In a comprehensive Q&A, Peter Denning, the editor-in-chief of Ubiquity, offers his thoughts on the future of computer science and how he has translated his unique insights into the design and execution of the Ubiquity mission. Denning discusses the art of making predictions about the future, noting that the most valuable predictions are typically those based on some sort of recurrence. Denning also offers thoughts on how to deal with a future that is inherently unpredictable and discusses how different approaches to innovation help to determine the future. Denning also offers background on new editorial features, such as the Ubiquity symposium, that enable a group of participants to explore a particular proposition.
In the face of all that uncertainty about the future, Denning says, the worst thing we can do is to become resigned and inactive. As Denning suggests, there are eight practices by which people influence the future by bringing about change in their communities. Uncertainty produces discomfort and disruption. Most of us would rather keep improving our lots in life and not have to put up with disruption. We see technology as progressive, always pulling the world in a better direction. Yet, trying to predict the future is a losing proposition. With few exceptions, such as predicting events with definite recurrences, we get it wrong. Denning also takes a closer look at technology projections, such as Moore's Law, and how they enable technologists to predict dramatic changes in specific industries. Most predictions are based on extrapolations of technology trends discernable for several years prior, he says.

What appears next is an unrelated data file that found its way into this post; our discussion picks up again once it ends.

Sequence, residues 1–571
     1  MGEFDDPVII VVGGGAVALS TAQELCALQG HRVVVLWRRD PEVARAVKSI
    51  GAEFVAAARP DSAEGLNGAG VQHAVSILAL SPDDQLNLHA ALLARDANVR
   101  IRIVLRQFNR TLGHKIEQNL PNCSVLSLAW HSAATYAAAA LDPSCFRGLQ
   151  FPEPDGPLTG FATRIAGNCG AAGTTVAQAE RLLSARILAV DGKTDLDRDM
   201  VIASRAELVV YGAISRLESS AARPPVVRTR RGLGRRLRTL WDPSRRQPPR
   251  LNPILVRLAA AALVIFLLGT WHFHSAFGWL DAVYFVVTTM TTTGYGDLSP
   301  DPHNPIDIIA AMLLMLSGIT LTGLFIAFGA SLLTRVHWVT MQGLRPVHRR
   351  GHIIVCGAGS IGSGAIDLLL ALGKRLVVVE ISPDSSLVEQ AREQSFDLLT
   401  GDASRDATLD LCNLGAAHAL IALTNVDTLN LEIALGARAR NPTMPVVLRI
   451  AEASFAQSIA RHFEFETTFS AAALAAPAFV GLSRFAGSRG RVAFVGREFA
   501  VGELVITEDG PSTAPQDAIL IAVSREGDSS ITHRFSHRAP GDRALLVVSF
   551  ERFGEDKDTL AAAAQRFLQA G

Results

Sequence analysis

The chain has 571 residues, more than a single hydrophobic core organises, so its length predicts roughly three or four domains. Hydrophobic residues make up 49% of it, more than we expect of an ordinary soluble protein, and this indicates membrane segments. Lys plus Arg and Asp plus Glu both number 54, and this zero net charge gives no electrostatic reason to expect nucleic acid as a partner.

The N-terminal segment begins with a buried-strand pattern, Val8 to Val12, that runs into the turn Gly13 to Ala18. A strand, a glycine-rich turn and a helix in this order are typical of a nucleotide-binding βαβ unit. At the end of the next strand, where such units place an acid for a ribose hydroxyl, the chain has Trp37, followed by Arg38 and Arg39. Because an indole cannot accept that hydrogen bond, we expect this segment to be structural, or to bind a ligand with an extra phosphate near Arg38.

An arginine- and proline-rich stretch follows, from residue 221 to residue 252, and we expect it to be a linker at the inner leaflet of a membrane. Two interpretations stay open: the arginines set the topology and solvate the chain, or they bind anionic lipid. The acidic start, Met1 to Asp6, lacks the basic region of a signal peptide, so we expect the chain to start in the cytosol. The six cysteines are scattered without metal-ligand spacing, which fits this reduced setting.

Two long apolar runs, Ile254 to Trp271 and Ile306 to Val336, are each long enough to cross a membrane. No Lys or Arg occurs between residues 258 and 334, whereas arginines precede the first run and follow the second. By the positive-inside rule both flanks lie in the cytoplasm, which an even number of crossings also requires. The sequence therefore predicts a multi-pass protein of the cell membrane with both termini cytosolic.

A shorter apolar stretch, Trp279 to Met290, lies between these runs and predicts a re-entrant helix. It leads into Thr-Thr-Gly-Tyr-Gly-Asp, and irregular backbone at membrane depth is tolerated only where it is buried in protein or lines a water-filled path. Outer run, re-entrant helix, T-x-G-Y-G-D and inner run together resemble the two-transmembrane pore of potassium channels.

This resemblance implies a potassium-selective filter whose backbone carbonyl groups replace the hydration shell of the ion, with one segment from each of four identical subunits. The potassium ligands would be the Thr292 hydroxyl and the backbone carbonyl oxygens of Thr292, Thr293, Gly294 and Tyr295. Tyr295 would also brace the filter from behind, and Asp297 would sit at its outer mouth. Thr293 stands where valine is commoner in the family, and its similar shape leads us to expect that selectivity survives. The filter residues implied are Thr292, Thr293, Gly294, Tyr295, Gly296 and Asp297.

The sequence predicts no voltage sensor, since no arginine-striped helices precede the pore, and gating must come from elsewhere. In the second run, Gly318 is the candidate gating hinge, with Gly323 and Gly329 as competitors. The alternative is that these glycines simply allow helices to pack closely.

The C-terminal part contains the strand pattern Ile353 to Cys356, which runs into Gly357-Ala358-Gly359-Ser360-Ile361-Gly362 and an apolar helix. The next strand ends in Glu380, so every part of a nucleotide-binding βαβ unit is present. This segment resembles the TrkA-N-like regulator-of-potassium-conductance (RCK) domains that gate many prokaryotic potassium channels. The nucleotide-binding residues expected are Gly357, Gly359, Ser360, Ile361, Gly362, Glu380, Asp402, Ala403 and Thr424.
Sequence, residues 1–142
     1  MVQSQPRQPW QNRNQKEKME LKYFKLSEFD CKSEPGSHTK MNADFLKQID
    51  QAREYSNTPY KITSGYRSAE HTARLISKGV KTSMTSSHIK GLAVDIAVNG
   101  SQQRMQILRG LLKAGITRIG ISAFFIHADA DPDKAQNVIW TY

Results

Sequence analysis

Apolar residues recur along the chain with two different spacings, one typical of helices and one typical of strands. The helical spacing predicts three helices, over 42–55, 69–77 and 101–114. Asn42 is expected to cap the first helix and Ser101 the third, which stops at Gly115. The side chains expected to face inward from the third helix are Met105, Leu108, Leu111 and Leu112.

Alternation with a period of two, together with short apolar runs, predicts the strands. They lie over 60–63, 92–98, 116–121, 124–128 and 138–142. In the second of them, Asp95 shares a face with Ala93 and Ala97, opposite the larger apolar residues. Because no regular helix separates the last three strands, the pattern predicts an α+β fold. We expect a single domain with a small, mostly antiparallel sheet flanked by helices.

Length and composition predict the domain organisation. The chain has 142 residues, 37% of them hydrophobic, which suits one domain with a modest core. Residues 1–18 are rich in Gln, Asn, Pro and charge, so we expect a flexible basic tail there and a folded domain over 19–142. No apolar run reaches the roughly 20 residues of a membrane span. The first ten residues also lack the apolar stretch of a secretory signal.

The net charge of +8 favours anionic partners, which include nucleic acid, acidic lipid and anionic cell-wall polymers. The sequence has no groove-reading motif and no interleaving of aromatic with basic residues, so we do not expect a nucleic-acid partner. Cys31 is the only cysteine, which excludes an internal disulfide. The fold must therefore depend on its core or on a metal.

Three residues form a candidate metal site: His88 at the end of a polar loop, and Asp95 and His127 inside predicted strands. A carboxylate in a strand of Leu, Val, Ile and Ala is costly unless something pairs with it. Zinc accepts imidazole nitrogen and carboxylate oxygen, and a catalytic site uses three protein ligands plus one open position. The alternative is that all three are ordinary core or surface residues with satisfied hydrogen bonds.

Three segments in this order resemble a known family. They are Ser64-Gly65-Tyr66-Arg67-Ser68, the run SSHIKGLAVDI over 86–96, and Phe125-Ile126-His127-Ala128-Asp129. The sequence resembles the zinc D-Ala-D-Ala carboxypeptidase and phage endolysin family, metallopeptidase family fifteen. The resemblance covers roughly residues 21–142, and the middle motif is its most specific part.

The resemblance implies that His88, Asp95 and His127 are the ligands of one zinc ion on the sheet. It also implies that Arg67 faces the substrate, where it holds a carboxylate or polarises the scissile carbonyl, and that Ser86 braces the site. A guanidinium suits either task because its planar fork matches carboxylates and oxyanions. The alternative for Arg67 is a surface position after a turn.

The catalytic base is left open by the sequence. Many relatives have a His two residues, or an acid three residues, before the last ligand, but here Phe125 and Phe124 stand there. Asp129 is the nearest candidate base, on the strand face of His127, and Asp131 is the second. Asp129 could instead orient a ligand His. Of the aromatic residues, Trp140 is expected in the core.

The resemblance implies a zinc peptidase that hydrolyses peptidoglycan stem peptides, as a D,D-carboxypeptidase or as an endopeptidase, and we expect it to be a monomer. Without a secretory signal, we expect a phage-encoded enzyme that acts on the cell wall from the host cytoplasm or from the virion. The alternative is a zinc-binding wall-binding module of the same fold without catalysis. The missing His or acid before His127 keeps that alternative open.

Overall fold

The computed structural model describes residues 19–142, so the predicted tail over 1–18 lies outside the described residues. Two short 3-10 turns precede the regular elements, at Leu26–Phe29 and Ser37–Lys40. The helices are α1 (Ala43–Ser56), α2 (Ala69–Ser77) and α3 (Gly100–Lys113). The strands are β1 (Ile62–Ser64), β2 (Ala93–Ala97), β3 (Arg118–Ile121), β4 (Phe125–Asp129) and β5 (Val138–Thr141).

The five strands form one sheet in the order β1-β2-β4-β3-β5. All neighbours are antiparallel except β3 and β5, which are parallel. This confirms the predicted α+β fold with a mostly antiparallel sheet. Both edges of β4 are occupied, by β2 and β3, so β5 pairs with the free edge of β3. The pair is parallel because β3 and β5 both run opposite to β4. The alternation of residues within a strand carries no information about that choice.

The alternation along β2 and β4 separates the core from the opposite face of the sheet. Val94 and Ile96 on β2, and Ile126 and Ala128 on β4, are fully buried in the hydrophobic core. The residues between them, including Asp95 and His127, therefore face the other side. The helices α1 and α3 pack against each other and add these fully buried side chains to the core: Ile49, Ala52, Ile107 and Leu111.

While futurists may be right about the direction of technology, people's reactions and adaptations to technology are harder to gauge. With that in mind, Denning ruminates about the role of innovation and inventors in changing society's technology adoption patterns. We are not hurting for ideas as much as we are for people skilled in bringing about adoption of ideas. Denning also explores the basic underpinnings of chaos theory, gives his opinion on trend extrapolations and scenarios, and emphasizes the value of learning from failures.
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